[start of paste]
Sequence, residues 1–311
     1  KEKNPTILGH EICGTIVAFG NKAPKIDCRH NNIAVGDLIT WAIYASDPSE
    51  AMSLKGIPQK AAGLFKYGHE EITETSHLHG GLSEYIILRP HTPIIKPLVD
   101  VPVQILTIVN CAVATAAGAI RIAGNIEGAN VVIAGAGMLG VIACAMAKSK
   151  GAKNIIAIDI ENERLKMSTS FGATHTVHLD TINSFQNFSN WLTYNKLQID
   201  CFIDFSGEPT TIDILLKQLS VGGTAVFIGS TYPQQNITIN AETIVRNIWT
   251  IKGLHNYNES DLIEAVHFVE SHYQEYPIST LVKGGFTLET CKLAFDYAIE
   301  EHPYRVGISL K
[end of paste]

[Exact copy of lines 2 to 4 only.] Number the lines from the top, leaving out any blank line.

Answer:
     1  KEKNPTILGH EICGTIVAFG NKAPKIDCRH NNIAVGDLIT WAIYASDPSE
    51  AMSLKGIPQK AAGLFKYGHE EITETSHLHG GLSEYIILRP HTPIIKPLVD
   101  VPVQILTIVN CAVATAAGAI RIAGNIEGAN VVIAGAGMLG VIACAMAKSK